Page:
I like it. I am definitely a hardware tinkerer and this is my year to upgrade come hell or high water. Looking at the cheap 27 inch IPS screens that are around is making me look at my Workfit and go "Hmmmm..."

My little brother just got one, actually. I'm going to end up having to test it for him tomorrow to make certain there aren't any defects. Sigh.

Anyway. I'm very fond of my Ergotron Workfit, which maxes out at 2x24 inch screens. Getting a 30 inch screen on one means a whole lot of extra legwork on my part (if it's worth it, I'm fine doing this, though I did have the thought that vertical motion would be bad for me), and getting 2x27 inch screens would mean I didn't have the stand anymore, which would be bad for me because I have chronic back and neck problems - and the Workfit helps a lot!

Currently the surface of my desk is 16.5" from the bottom bezel of my monitor while I'm sitting in a knee chair. My eye level is center with my screens, so when I work things on the center of my screen my head is at a neutral position - though turned a few degrees right or left.

paintbox
11-29-2012, 04:06 PM
Why go for 27inch then? :-) Imho...I think 23inch is already huge-ish.

You just mentioned your chronic pains, not knowing your situation but throwing it out there....do (thereapeutic) yoga or similar activities, to relieve the back and neck more often. Swimming can be good. 15 minutes at bare minimum for each 8 hours of working behind a computer.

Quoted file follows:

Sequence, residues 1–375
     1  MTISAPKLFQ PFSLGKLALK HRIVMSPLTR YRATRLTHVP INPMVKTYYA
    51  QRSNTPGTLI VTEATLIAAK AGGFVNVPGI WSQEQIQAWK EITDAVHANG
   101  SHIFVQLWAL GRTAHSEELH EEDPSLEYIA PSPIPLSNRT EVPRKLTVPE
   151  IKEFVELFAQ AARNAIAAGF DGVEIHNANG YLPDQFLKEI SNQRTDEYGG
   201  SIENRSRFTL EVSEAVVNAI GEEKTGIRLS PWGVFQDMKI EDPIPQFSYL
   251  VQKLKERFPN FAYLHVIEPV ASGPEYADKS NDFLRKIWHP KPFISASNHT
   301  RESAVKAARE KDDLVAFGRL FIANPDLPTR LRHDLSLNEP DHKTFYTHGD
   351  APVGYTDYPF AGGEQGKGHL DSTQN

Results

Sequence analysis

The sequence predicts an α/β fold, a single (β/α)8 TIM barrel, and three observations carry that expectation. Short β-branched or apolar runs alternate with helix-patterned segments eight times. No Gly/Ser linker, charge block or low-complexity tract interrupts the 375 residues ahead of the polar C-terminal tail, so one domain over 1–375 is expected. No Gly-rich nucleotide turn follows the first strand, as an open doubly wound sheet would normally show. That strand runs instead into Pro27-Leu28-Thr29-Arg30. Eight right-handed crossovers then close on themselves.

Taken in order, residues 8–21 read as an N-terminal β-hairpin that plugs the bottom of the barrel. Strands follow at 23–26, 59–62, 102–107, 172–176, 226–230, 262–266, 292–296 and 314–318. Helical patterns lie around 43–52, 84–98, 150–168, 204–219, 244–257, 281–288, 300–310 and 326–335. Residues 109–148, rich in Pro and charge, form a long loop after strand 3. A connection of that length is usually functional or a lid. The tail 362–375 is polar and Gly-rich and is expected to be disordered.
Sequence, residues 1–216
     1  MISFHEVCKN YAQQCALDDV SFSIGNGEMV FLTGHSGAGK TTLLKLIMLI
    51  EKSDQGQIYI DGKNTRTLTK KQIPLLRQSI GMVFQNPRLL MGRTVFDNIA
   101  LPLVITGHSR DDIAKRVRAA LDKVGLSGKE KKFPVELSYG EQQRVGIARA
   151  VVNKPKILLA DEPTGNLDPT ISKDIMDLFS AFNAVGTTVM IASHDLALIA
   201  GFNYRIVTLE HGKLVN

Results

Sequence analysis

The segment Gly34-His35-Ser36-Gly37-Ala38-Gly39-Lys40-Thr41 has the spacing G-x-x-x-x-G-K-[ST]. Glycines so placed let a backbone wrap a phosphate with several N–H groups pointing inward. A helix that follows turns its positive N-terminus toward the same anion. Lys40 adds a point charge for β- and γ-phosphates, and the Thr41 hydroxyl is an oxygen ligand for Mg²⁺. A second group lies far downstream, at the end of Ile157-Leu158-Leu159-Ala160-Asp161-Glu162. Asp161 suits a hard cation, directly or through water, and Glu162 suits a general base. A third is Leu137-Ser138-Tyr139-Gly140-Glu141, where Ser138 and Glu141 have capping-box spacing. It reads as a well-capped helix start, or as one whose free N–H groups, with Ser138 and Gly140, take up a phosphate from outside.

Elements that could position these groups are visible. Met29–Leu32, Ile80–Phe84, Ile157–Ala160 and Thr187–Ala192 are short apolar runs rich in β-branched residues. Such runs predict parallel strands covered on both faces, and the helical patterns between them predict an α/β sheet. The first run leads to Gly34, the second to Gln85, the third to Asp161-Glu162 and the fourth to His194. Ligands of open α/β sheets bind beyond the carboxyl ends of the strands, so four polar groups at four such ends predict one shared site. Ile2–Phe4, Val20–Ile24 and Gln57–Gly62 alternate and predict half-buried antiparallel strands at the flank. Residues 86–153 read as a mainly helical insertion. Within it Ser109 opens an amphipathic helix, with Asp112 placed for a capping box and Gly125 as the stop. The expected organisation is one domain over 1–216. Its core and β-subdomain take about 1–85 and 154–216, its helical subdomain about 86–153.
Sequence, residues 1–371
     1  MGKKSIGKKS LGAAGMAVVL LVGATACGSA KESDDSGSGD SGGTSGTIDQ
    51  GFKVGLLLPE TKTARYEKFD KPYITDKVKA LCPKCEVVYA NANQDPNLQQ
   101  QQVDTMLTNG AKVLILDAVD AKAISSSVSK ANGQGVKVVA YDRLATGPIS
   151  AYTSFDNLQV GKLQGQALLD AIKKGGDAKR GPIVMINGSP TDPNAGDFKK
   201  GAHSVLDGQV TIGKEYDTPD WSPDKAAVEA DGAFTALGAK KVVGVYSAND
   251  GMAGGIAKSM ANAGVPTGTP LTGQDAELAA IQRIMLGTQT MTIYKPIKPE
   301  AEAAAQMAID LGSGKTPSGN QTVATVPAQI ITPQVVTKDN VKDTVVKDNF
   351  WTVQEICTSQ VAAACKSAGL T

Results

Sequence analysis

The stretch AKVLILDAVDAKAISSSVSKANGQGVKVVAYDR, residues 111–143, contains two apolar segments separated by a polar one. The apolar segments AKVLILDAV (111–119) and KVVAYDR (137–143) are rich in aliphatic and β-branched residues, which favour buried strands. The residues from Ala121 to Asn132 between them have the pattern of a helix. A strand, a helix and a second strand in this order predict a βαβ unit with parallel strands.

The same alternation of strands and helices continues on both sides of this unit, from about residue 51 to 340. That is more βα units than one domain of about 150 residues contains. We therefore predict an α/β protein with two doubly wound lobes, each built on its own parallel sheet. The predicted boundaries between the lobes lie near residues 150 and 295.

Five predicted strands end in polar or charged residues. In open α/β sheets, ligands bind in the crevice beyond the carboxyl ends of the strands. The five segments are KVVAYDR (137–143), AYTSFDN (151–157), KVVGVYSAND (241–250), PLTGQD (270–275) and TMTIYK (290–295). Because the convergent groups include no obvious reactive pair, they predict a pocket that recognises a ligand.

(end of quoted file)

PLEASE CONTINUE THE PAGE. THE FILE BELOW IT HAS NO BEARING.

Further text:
Ya'll are up selling me! :D

I like it. I am definitely a hardware tinkerer and this is my year to upgrade come hell or high water. Looking at the cheap 27 inch IPS screens that are around is making me look at my Workfit and go "Hmmmm..."

My little brother just got one, actually. I'm going to end up having to test it for him tomorrow to make certain there aren't any defects. Sigh.

Anyway. I'm very fond of my Ergotron Workfit, which maxes out at 2x24 inch screens. Getting a 30 inch screen on one means a whole lot of extra legwork on my part (if it's worth it, I'm fine doing this, though I did have the thought that vertical motion would be bad for me), and getting 2x27 inch screens would mean I didn't have the stand anymore, which would be bad for me because I have chronic back and neck problems - and the Workfit helps a lot!

Currently the surface of my desk is 16.5" from the bottom bezel of my monitor while I'm sitting in a knee chair. My eye level is center with my screens, so when I work things on the center of my screen my head is at a neutral position - though turned a few degrees right or left.

sentry66
11-29-2012, 05:13 PM
For me, the best scenario is a 27 inch IPS and a 23 or 24 inch 120hz.

...I really miss CRT's with their snappy response time and high refresh rate....and good colors. These days, you need 2 monitors to do what 1 CRT was capable of. None of us miss the weight, size, or power draw, but still.

affordable OLED's can't get here soon enough

CKPinson
11-30-2012, 12:29 PM
Love the http://i.dell.com/images/us/segments/dhs/campaign/U2913wm_225x188_new_AH.jpghttp://i.dell.com/images/global/general/spacer.gif
Dell Ultrasharp U2913WM




IMO 699 for this monitor is a good deal, IPS Premium Panel- seen it and it looked great!




I am actually considering replacing my 2 21inchers with it. (21inchers=other rooms TV subs)